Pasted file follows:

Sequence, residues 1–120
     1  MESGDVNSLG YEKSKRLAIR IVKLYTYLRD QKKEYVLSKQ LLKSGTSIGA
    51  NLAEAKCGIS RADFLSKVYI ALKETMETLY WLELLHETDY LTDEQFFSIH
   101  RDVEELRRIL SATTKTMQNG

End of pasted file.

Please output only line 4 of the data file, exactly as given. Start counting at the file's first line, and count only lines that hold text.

   101  RDVEELRRIL SATTKTMQNG